‘Bulimia reaches an all-time high over Christmas’, says the UK Eating Disorders Centre, ‘with people throwing up all the time and some resorting to cutting themselves’. According to one UK journalist, ‘Anyone with an anorexic in the family will recognise the mad, sick way that tension mounts towards Christmas’ (20). There was a time when Christmas was seen as a time of plenty – plenty of food and booze. Now we’re encouraged to spare a yuletide thought for those who see food as the enemy: ‘Christmas might seem like a good excuse to indulge in overeating and excess to many, but to people with eating disorders it can spell despair.’ (21)

But then, if the animal rights people have their wicked way, the thought of what your sliced turkey goes through in between the factory farm and the Christmas spread will be enough to turn us into a nation of temporary bulimics. ‘The turkey is synonymous with the festive season’, writes one journalist. ‘But the short life of the modern factory-farmed version is a distressing catalogue of disease, violence and sexual abuse.’ (22) Yes, you read it right – sexual abuse. ‘Grown men spend their days tweaking turkey’s penises for a living, sucking the semen into tubes (it tastes lightly salty, in case you were wondering), and then squirting it into females.’ (23)

So don’t go shopping in case you get mugged or conned; avoid visiting family or friends so that your stress levels don’t rise; don’t drink too much, unless you want to end up riddled with liver disease or dead in a drink drive incident; don’t buy kids the wrong kind of presents – but don’t let yourself be pestered into buying them the right ones either; and on Christmas Day spare a thought for sexually abused turkeys everywhere. Maybe the safest bet is to just stay at home where at least you’ll be ‘safe as houses’. Except that…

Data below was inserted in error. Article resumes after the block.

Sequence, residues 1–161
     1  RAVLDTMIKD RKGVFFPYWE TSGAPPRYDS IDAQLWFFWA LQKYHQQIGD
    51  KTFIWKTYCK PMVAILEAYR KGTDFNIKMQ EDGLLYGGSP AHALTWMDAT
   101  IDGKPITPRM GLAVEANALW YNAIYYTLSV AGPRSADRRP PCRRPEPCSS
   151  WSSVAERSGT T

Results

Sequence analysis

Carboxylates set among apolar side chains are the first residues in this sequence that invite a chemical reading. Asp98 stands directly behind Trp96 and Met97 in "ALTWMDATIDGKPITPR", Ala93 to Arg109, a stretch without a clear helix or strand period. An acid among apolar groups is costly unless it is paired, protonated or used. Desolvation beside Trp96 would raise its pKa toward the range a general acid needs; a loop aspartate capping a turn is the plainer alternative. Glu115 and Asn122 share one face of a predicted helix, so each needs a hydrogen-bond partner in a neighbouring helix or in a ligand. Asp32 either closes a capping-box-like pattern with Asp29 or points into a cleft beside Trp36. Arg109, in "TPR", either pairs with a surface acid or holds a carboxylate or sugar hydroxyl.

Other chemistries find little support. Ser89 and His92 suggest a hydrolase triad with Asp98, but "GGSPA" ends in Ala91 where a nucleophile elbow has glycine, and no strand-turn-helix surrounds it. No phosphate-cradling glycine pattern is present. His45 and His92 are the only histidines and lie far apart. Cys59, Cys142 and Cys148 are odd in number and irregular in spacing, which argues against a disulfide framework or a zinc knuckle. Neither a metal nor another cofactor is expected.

‘Homes can be lethal, especially with the combination of alcohol, cooking, possible unfamiliar surroundings and new toys strewn around the house.’ (24) According to the Royal Society for the Prevention of Accidents, there are about 8000 victims of domestic accidents on Christmas Day, and another 10,000 on New Year’s Day. Merry Christmas….

Brendan O’Neill is coordinating the spiked-conference Panic attack: Interrogating our obsession with risk, on Friday 9 May 2003, at the Royal Institution in London.

Read on:

‘Sensible celebrating’, by Munira Mirza

Bar, car, black sheep, by Rob Lyons

Bah humbug – it’s Christmas, by James Panton

(1) Clergyman calls for Christmas ban, BBC News Online, 22 November 2001

(2) Clergyman calls for Christmas ban, BBC News Online, 22 November 2001

(3) Season of peace and goodwill? Britain doesn’t think so, The Samaritans

(4) Season of peace and goodwill? Britain doesn’t think so, The Samaritans

(5) Season of peace and goodwill? Britain doesn’t think so, The Samaritans

(6) ‘Top tips to lift your spirits this Christmas’, Mental Health Foundation, 26 November 2001

(7) ‘Top tips to lift your spirits this Christmas’, Mental Health Foundation, 26 November 2001

(8) Christmas crackdown on retail theft, BBC News Online, 3 December 2001

(9) Christmas crackdown on retail theft, BBC News Online, 3 December 2001

(10) Don’t let fake goods ruin your Christmas, Department of Trade and Industry, December 2001

(11) ‘Top tips to lift your spirits this Christmas’, Mental Health Foundation, 26 November 2001

(12) Carol services to ‘reclaim’ Christmas, BBC News Online, 26 November 2001

(13) The Christmas Survival Guide, Department of Transport, Local Government and the Regions, December 2001

(14) Toy shop bans Harry Potter, BBC News Online, 24 September 2001

(15) ‘Ban on children’s TV toy ads urged’, Irish Independent, 10 December 2001

(16) ‘Strafe the halls’, Guardian, 30 November 2001

(17) Fair Play? Violence, Gender and Race in Video Games, Children Now, December 2001

(18) Violence makes games ‘unsuitable for children’, Observer, 16 December

(19) When Christmas indulgence spells despair, BBC News Online, 20 December 2000

(20) ‘When fat is a festive phobia’, Observer, 16 December 2001

(21) When Christmas indulgence spells despair, BBC News Online, 20 December 2000

(22) ‘This unhappy breed’, Independent, 14 December 2001

(23) ‘This unhappy breed’, Independent, 14 December 2001

(24) Royal Society for the Prevention of Accidents

To enquire about republishing spiked’s content, a right to reply or to request a correction, please contact the managing editor, Viv Regan.